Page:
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Feast: The Fireplace

February 18, 2011

The Fireplace in Brookline is the kind of place that lists “Grilled Steak with Blue Cheese Butter” under its “Lighter Fare” options. And even though that’s a gross misuse of the term “light,” I think it’s ok. The truth is, there is no such thing as light fare- or even lighter fare- at The Fireplace. It’s pretty much Thanksgiving dinner, every night of the week. If, along with rich food, your Thanksgiving usually includes a pleasantly staffed, warmly spirited restaurant with twinkle lights, an open kitchen, and a brief but well thought out wine list.

The menu starts with a long list of appetizers (twin lobster rolls, anyone?), includes a salad section (you can add an assortment of meat to any, but most – like the Baby Arugula with Crispy Duck- already include protein), and ends with an extensive entrée list -try the lobster mac and cheese, pork chops, short ribs, burgers, or just some risotto. Carrot and Fresh Thyme Carnaroli Risotto with Honey and Cider Braised Red Cabbage, Toasted Almonds, and Rhode Island Feta, to be precise.

Or, you can always opt for the specials. Last night we tried the Lobster Bisque – a rich, stock-y execution drizzled with oil. It was smooth in texture, and there were no actual pieces of lobster. This was compensated for by the broth itself however, which had a deep lobster flavor without any hint of fishiness. Still, I could have gone for a little piece of lobster tail on top. Just sayin’.

We also had the Butternut Squash, Braised Leeks and Heirloom Radish Tart with Consider Bardwell Cheese, Toasted Walnuts and Bourbon-Maple Glaze. The sweetness of the squash was tempered by the cheese, and the crust of the tart- which can really make or break these things- was crispy without being dry.

lobster bisque

The Fireplace pretty much had me at “pork belly” when I saw the entrée list, and my Pan Seared Scallops and Confit Pork Belly with Roasted Turnips, Parsnips, Rutabaga and Carrots lived up to its sumptuous name. The pork belly was good, if not particularly exceptional, and the scallops were cooked perfectly. The stars of the dish, however, were the vegetables. Even though it’s almost spring, this grouping of fall roots – perfectly roasted and then seemingly rolled in just the right amount of butter (or some other delicious fat)- made me want to curl up with a big blanket and hibernate.

The Braised Beef Short Ribs with Cheesy Cornmeal Porridge, Baby Carrots and Garlicky Broccoli weren’t too shabby either. The porridge was a little different from the traditional short rib side – polenta – and a little smoother in texture than just straight grits.

scallops and pork belly

I wonder how many people make it to dessert at The Fireplace.

They have plenty of options, but after all of that rich food, how much room do you really have? Though, if we’re likening this to Thanksgiving, let’s be honest- everyone always makes room for dessert after turkey. And yes, I certainly pushed a few things around to give space to the Apple Doughnuts after my dinner last night. The doughnuts came with three dipping sauces – chocolate, coffee cream, and sticky cider, and while I could have (and almost did) finished off all of the dipping sauces with just my spoon, the doughnuts weren’t the highlight of the evening. The flavor was nice, but the texture was a little too hard for my taste. When you hear the word “apple doughnut”  in New England you think of a fluffier, cakier version of a doughnut then what was served.  Next time we’ll try the Taza Chocolate Fudge Cake with Vanilla Bean Ice Cream and Port Cherry Sauce. I’m a sucker for Port Cherry sauce.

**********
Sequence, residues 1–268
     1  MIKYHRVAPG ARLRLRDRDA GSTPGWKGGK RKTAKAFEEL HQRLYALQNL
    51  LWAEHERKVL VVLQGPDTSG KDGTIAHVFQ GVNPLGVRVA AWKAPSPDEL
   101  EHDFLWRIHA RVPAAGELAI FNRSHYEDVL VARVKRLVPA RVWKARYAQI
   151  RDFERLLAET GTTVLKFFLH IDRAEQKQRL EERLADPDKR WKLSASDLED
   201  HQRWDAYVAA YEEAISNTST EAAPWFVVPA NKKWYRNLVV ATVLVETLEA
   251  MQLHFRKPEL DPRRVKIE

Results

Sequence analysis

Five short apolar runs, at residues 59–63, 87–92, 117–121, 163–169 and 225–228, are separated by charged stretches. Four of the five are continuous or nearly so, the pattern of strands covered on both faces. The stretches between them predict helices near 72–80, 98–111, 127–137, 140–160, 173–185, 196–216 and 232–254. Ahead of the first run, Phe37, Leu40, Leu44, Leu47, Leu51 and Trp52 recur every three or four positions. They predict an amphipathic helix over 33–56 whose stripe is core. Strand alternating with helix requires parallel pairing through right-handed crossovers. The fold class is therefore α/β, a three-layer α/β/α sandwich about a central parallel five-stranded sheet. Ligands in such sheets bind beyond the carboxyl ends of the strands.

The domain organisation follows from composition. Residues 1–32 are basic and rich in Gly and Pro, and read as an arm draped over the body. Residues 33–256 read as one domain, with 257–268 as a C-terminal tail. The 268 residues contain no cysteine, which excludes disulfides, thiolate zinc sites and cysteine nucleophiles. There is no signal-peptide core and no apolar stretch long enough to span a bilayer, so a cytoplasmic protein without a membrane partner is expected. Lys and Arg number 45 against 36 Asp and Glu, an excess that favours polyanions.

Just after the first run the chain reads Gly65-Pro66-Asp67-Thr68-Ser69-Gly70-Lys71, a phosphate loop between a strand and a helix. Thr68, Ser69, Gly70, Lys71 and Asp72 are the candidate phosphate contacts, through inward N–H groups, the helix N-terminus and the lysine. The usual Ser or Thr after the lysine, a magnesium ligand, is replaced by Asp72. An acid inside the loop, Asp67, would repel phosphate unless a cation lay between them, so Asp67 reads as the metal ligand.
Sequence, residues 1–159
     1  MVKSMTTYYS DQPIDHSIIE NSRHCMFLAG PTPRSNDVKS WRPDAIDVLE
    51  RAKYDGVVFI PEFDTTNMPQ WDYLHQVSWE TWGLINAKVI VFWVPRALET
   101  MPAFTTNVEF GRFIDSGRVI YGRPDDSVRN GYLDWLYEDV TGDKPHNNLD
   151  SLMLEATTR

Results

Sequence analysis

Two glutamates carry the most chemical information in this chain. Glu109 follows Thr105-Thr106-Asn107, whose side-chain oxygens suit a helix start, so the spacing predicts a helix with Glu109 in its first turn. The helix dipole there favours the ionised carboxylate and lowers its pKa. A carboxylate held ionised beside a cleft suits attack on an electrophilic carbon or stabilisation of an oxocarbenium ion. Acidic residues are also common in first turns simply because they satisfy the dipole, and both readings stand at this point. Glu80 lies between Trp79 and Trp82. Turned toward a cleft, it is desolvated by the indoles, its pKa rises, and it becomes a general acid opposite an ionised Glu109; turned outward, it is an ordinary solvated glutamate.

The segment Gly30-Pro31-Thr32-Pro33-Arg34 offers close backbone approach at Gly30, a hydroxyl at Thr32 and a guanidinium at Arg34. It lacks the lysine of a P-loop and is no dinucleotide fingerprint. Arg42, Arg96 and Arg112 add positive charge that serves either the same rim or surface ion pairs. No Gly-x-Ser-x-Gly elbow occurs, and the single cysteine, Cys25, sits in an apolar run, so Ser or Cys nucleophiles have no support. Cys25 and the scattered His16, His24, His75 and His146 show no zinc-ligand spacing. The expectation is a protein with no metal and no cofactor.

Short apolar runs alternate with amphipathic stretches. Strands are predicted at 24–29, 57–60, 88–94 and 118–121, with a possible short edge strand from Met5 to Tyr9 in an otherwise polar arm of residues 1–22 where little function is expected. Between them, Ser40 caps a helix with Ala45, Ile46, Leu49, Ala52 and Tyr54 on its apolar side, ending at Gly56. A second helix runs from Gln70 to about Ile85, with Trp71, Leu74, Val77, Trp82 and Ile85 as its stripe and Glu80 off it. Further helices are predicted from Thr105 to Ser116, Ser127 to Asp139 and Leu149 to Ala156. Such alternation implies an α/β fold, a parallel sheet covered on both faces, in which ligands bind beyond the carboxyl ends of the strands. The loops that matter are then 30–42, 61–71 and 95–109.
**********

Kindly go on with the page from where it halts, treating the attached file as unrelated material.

apple doughnuts with espresso brittle

In addition to its regular menu, The Fireplace has something called “humble offerings” from Sunday- Thursday. These are entrée options, always under $20, that fall into the “extreme comfort food” category – Chicken Pot Pie, Super Sloppy Joe, Bubble and Squeak, and Beef Stew have all been past choices.

And really, that’s the best part about The Fireplace- even though it is located in a part of town with little to no competition in the “nice dinner out” category, has a lovely setting, and features a chef that clearly knows what he is doing, the air in the whole place is humble. The staff is pleasant and eager to help, the music is soft and understated, even the food is plated without a sniff of pretension – no garnish, no molding, just food. If you’re looking for a little Thanksgiving (and a lot of food) in the middle of the winter, The Fireplace is waiting for you.

2 Comments leave one →
  1. Pat permalink
    February 18, 2011 9:19 pm

    Twin lobster rolls you say!!!

  2. Dad permalink
    February 21, 2011 3:32 pm

    I hope you were very hungary!!

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